And certainly the takeover of many crowdfunding and patronage sites by people who are asking for things that seemingly don’t seem connected to anything they’re adding to the world isn’t helping with that perception. But there I go, judging another person’s worthiness. Trying to assess the intangible thing they may be adding to the world and deciding if it’s valuable.
I too struggle with the paradigm that patronage is “free” money. I hate that I will instantly and quietly judge whether or not someone is worthy to get success, support, praise. I try to see if they’ve worked hard enough to deserve it. The problem is the default thinking that artists don’t deserve because what they do is nothing.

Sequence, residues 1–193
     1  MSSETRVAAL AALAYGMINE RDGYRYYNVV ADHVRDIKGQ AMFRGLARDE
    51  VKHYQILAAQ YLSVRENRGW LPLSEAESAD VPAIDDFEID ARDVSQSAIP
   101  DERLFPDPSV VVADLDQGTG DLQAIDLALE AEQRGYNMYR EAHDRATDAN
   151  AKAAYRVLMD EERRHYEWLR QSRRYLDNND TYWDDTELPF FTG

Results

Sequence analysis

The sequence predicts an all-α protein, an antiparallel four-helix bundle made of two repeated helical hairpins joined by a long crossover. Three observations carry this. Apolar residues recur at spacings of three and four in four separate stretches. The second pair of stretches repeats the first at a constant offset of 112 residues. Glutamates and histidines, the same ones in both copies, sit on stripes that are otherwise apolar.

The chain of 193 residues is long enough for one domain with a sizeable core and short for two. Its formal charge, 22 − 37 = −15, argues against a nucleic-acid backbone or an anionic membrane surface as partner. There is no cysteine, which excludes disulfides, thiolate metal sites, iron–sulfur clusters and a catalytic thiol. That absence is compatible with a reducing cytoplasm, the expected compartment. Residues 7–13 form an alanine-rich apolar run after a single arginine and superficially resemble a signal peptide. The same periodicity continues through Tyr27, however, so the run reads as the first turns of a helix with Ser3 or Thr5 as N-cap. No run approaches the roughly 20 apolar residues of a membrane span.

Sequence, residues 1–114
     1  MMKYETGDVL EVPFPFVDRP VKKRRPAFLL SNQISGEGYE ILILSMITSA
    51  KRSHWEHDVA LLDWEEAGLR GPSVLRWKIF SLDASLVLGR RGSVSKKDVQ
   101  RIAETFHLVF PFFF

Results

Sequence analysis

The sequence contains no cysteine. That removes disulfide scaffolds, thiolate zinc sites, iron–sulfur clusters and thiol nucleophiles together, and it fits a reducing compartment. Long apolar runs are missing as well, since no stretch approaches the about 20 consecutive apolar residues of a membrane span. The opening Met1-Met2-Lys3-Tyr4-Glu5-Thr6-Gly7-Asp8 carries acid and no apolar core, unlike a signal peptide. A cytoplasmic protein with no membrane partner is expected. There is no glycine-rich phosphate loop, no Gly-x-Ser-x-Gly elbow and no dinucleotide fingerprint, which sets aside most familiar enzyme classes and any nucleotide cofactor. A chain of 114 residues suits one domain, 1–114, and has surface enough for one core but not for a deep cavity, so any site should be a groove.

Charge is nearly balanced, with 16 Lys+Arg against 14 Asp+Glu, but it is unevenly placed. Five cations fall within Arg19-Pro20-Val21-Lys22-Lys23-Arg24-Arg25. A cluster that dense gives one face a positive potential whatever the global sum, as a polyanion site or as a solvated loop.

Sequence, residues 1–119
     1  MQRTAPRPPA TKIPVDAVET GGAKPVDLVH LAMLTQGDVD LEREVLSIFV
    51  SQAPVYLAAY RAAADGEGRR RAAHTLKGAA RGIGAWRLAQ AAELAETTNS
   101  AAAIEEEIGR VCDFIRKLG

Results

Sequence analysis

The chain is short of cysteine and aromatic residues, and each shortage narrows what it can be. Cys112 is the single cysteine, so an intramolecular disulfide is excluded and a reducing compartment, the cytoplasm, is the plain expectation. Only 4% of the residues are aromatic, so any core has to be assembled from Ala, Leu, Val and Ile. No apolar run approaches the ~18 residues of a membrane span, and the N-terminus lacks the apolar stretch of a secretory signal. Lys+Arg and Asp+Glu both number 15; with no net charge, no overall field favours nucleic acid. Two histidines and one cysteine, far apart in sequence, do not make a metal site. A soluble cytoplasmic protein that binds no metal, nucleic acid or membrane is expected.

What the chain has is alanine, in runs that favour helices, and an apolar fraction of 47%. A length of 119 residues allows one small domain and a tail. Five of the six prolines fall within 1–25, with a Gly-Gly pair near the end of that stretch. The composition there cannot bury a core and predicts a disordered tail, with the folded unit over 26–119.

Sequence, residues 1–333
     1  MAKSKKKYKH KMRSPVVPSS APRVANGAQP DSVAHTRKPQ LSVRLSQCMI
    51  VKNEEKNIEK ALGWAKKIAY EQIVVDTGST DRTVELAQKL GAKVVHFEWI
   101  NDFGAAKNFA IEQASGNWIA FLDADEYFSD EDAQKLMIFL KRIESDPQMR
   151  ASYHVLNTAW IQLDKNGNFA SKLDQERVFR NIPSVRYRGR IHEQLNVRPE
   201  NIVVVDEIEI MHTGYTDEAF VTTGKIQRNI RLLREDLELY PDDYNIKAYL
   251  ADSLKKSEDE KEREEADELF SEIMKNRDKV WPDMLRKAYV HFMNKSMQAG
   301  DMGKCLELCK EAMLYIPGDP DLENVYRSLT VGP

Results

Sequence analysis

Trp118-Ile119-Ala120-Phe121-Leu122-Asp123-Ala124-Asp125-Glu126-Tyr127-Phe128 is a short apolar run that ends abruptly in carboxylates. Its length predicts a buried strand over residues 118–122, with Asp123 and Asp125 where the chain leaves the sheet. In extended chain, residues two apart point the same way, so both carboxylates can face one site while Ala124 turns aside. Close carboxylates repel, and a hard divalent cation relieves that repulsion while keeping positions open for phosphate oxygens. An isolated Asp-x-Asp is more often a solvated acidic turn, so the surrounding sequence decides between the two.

I also judge myself. I’ve spent some time in daily pages making lists about how what I do is valuable. I worry that without the peer-reviewed panel of a “real” job that offers a paycheck as indicator of your worth, I will never know if I matter.
This essay is a bit squirrelly in focus and points because of my own paradigm struggle. Untangling my convictions from a societal paradigm from good living from compassionate heart from judgement and jealousy—the skein is too knotted right now. I can only hope to tease out a bit more and then a bit more and then a little bit more over patient time.
In the meantime, I will keep affirming the value of artists who do the hard work of changing how we see the world.